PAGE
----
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A man and his dog

We had a pretty tough, pretty emotional, segment tonight with Chuck Hogue. Originally scheduled for one hour, we ended up going for two due to all the phone calls.

To recap: Chuck’s beloved dog of seven years, Annie, ran away from the family property last June after hearing a gun shot. The dog was spooked. Chuck, a recent widower, spent three weeks trying to find his dog. He works full time. He doesn’t own a computer. But he dutifully checked the Animal Services lost and found line daily.

Three weeks later, he gets a call. Your dog is at Animal Services. Come get her. he rushes out there the next morning — only to find out the dog was adopted out to another family days prior. What????????? No one can figure that out.

Even worse, the second family refuses to give up Annie and Animal Services won’t step in. Chuck keeps trying to contact Dr. Eric Anderson, but Anderson isn’t responding.

At the same time, several callers shared stories of having to deal with dog licensing issues at Animal Services by talking to people in . . . .Texas. So Animal Services is farming out, outsourcing county work to Texas???? Doesn’t that strike you as bizarre.

Not suirprisingly, the vast majority of callers believe Chuck should get Annie back, though our options seem limited.

Katcho is Chucks’s supervisor, so we’re asking folks to drop Katcho a friendly email at kachadjian@co.slo.ca.us and see if he can’t knock some sense into Animal Services.

Chuck was crying at the end of the show. He deserves to have Annie back.

Jeff Hamm, director of the county health agency, doesn’t seem to understand why Annie and Chuck should be reunited. His phone number is 788-2855.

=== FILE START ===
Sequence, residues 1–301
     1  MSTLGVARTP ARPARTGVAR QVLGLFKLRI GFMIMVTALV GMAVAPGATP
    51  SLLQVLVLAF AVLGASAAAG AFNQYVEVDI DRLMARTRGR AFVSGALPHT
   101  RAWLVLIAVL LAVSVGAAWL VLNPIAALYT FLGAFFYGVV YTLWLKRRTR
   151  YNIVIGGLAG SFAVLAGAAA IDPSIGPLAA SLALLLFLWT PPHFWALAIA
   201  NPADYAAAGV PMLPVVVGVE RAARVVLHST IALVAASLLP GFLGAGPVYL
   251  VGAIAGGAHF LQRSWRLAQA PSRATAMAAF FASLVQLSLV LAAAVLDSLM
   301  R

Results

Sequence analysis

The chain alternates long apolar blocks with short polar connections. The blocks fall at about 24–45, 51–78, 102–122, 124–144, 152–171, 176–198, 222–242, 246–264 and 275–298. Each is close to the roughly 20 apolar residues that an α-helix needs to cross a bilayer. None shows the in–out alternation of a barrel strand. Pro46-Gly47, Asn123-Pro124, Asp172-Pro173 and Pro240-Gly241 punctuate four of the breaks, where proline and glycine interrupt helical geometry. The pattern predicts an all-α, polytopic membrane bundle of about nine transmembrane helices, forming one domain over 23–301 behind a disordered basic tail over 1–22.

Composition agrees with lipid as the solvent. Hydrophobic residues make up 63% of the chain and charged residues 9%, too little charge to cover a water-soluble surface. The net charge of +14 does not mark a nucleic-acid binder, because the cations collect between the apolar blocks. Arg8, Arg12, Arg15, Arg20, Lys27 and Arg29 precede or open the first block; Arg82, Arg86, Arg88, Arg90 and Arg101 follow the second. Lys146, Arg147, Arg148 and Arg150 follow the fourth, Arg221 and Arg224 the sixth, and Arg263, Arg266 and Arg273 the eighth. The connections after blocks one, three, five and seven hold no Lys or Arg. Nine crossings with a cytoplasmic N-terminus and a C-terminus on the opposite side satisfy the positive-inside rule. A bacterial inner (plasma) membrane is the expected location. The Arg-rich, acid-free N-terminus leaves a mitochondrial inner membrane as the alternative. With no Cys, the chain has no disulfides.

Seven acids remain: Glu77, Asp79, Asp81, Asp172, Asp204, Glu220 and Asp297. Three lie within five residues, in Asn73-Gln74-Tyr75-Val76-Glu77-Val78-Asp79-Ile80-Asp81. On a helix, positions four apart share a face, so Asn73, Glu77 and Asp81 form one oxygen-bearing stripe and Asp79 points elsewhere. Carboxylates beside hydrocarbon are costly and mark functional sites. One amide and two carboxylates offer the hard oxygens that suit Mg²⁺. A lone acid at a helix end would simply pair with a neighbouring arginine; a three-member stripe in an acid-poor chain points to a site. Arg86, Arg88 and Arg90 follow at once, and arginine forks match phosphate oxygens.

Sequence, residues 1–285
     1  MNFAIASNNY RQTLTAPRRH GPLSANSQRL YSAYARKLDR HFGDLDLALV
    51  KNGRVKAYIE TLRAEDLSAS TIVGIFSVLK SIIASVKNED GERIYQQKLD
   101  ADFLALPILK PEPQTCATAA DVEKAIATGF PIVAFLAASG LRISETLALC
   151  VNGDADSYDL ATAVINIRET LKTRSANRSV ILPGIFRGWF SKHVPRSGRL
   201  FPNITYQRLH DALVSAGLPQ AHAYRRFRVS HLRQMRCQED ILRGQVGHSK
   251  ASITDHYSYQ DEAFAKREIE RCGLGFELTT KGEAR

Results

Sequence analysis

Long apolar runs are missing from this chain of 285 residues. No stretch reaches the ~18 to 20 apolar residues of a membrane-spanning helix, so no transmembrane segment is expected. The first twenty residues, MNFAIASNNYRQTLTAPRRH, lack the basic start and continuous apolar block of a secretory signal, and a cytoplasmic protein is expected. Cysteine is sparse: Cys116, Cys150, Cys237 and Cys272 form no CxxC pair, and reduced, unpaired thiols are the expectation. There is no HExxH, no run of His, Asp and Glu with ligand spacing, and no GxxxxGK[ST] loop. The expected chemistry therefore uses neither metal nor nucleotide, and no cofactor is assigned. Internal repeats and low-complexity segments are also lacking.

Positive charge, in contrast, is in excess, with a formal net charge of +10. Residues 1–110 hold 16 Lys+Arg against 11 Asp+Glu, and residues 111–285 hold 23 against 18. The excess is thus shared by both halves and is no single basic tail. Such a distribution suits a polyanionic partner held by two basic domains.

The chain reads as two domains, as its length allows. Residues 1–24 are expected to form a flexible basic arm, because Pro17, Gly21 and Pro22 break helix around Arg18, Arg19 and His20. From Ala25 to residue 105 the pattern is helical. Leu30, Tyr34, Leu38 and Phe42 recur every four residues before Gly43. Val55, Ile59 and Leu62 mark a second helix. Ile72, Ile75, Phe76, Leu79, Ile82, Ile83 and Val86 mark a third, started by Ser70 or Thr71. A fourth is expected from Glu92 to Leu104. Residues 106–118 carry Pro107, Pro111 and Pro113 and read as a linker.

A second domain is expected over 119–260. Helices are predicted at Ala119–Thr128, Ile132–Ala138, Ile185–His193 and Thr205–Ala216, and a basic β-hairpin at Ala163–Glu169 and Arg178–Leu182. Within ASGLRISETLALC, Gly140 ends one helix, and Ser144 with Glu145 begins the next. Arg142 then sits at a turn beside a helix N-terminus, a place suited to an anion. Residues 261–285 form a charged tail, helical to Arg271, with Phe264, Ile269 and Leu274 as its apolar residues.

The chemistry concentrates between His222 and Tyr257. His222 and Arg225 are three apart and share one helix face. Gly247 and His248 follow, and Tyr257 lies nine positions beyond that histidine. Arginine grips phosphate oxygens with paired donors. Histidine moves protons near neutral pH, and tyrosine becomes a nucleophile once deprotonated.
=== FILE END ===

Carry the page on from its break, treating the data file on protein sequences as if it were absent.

Program Notes:

I will be away friday, Monday, and Tuesday. Suzan Vaughn, Jeff Eckles, Mardi Hall, Steve Weiss, Jack Hardy, and Dr. Scott Robertson run the show in my absence.

  1. August 11, 2010 at 5:28 pm

    None of this makes any sense. Most people want to adopt young dogs, not dogs that are 7-8 years old unless they are doing rescue work, and if they are doing rescue work they would surely return a dog to the rightful owner. I pray that i am wrong but it would not surprise me if animal services has not been caught in a major lie. How much time passes before the animals at the shelter are euthanized ? I certainly hope that Annie was not put to sleep by mistake and then when and if Texas called and told Chuck that she was ready for pick up …..well instead of confessing a blunder, they said so sorry, she has been adopted and the new owners dont want to give her back, so go away and leave us alone. (Never thinking so much publicity would be made of this) I hope i am wrong but I got to say that the people who have annie either need to give her back or need to be exposed to the dog loving community for public shunning….Karen V HELP

  2. californiawiseguy
    August 12, 2010 at 5:03 pm

    I don’t agree that the answer is “public shunning” or any other form of aggressive, antagonistic and offensive actions against the new “owners” of Chuck’s dog.

    Nevertheless, this situation is a travesty. Someone needs to look into whether or not it is a matter of public record as to who adopted Chuck’s dog. It has been implied that information about the new “owners” of the dog is confidential, but I’m not sure if that is true. What are the facts about this? I would be very surprised if adoption records are confidential. If they are confidential, I would like to read the law that states this, please.